• Address 720 East Locust Street | Milwaukee, WI 53212
  • Phone 414.263.5001
  • Hours Tue-Fri 11-8pm | Sat-Sun 12-5pm | Closed Mon
  • Hours Tue-Fri 11-8pm, Sat-Sun 12-5pm, Closed Mon
Event Calendar
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readings & workshops
February 23

Poetry Reading: Anna Vitale & Roberto Harrison

readings & workshops
February 24

RESCHEDULED: Genre: Urban Arts No. 3 Release

readings & workshops
March 1

Wisconsin Reads The Round House

film & video
March 2

aCinema Screening

readings & workshops
March 7

Poetry Reading: Kwabena Antoine Nixon

readings & workshops
March 8

Poetry Reading: Ed Block & Jenny Benjamin

readings & workshops
March 14

Kundiman Midwest Chapbook Series: Suman Chhabra

performances
March 15

Formations Series for New & Improvised Music

readings & workshops
March 17

Where My Dreaming and My Loving Live: Poetry & the Body with Nikki Wallschlaeger, Jose-Luis Moctezuma & Jay Besemer

readings & workshops
March 22

Community Conversation About The Round House 

readings & workshops
March 28

Poetry Reading: Sherwin Bitsui & Bojan Louis

film & video
April 6

aCinema Screening

readings & workshops
April 11

Poetry Reading: Luci Tapahonso

readings & workshops
April 14

Kundiman Midwest Chapbook Series: Lo Kwa Mei-en

readings & workshops
April 17

Poetry Reading and Conversation with Roberto Harrison @ Brown Deer Public Library

performances
April 19

Alash Ensemble

exhibitions
April 21

Woman: Frailty Thy Name, works by Renee Baker

performances
April 22

ACL presents Renee Baker Quartet, Visual Dark Scratch Suite

readings & workshops
May 2

Poetry Reading: Layli Long Soldier

performances
May 13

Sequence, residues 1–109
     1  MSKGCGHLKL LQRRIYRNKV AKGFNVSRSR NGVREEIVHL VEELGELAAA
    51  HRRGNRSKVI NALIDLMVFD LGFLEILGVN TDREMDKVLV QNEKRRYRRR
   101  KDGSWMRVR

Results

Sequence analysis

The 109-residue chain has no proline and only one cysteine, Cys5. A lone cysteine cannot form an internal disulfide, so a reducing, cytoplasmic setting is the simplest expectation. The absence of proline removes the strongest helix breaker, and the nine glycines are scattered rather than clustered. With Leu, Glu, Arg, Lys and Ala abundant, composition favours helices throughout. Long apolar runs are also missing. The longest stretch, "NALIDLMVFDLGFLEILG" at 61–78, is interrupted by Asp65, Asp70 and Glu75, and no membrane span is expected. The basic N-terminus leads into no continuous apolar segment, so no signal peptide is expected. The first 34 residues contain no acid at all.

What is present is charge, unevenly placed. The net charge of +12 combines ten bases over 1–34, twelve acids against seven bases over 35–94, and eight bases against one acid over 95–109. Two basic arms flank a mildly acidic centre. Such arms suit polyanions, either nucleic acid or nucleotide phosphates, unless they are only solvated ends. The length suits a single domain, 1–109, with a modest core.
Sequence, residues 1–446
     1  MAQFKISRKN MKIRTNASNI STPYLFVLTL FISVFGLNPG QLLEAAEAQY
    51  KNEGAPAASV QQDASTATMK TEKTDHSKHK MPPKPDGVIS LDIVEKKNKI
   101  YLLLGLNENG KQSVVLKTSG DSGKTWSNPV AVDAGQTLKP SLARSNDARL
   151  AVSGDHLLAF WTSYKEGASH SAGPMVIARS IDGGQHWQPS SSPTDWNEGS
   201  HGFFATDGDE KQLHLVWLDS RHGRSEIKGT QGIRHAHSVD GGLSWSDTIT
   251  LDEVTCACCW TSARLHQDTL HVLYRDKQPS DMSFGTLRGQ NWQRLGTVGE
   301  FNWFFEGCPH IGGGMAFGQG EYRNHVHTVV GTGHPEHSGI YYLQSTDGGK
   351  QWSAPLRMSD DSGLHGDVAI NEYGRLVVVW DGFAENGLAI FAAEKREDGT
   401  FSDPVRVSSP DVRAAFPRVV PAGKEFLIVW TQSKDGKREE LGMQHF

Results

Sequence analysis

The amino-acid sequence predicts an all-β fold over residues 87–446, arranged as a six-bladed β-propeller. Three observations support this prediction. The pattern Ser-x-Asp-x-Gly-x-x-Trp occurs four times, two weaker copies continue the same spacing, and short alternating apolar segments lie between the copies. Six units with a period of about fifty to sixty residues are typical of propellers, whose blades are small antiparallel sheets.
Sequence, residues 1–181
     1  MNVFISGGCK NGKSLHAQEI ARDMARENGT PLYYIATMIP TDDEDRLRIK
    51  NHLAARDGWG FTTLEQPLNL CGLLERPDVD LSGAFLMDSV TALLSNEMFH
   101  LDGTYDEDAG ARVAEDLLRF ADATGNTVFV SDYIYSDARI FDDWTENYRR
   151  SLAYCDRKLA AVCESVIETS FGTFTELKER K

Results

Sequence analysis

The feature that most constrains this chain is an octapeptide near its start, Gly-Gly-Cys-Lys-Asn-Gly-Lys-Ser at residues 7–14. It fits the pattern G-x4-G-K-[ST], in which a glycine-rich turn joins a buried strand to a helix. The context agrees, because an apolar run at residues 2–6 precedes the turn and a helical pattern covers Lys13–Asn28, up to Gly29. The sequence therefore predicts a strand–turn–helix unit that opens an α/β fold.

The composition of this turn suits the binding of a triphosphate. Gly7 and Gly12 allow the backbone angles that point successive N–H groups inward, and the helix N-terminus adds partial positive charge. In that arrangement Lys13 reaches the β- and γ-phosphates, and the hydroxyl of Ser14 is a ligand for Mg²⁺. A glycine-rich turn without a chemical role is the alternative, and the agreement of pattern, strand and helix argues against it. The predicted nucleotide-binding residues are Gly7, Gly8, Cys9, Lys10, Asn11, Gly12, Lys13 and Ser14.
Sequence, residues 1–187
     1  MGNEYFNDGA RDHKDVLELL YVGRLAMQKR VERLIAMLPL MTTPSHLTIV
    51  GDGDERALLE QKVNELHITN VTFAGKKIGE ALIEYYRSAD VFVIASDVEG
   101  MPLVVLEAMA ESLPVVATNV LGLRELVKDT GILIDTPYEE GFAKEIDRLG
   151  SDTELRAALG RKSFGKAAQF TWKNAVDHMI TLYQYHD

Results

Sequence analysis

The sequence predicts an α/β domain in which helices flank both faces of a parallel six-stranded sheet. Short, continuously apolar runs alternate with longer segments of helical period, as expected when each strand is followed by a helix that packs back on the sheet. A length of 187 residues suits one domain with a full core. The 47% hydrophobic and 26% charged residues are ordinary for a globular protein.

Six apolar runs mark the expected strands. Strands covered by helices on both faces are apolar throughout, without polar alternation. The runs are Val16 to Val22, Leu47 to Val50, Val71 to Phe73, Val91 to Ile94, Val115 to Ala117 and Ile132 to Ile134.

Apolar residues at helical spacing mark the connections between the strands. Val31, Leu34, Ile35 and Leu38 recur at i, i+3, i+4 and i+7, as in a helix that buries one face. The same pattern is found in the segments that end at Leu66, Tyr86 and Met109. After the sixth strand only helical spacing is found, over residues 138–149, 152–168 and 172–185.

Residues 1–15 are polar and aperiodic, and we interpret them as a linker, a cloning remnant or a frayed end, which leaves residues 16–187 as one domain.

Alternating Currents Live presents The Bridge

readings & workshops
May 16

Kundiman Midwest Chapbook Series Noel Pabillo Mariano

performances
May 17

Formations Series for New & Improvised Music

readings & workshops
May 24

Poetry Reading: Urban Echo Poets

Joanne Diaz

Joanne Diaz is the recipient of fellowships from the Illinois Arts Council and the National Endowment for the Arts. She is the author of My Favorite Tyrants (Winner of the Brittingham Prize, University of Wisconsin Press ) and The Lessons (Silverfish Review Press). She teaches in the English Department at Illinois Wesleyan University.

Selected Poems

Two Emergencies

 

          after Bruegel's Landscape with the Fall of Icarus

 


These days, I don't see just the tiny legs
          of Icarus flailing
in the ice-cold waves, the plowman
          steering his obedient horse,
and the shepherd looking up to expose
          his face to the radiance of the sun.
I see the warhead that was stored
          in an unlocked potato shed
in a small Ukrainian town, 
          I see it smuggled across the Caucasus
to Iran, I see it hitting the surface
          of the water in the nanosecond
before the nuclear holocaust.
          When I remember that it's not
a question of if but when,
          I can imagine everything
within the frame of that painting
          and that final explosion.
Today, in El Bruc, there's only one
          pharmacy, one grocery, a public
swimming pool, and a bar, and from here,
          I can hike all the way up
to the Black Virgin of Montserrat. I can eat
          salchichón and Manchego every day
as a merienda, and I can watch
          the grape leaves crackle and drift
from the trellis to the outdoor table
          as a man, at ten in the morning, 
drinks his beer and listens
          to the car radio. Everyone's doing their best,
acting as if a bomb isn't
          about to detonate at any minute, 
and some act as if bombs
          haven't detonated at all. Two days
after the Towers became ash,
          my mother bought me a toaster from Kmart
and asked about my wedding plans
          as she would have on any other day. 
At the time, I thought callous, but now
          I think constant. I like to believe
that we have evolved because of figures
          like Icarus, but you don't have to be
an Old Master to know that isn't
          the whole story. That plowman?
Of course he heard the splash,
          the sounds of a drowning man. But he
had no idea how to swim, no interest
          in knowing, and you'd have to be
a goddamned idiot to abandon your horse
          and create two emergencies
where there was just one. Why not
          tend to your own horse. Why not
go home to a crappy toaster
          that sticks every time you push the lever. 


from My Favorite Tyrants (University of Wisconsin Press, 2014), 
winner of the Brittingham Prize in Poetry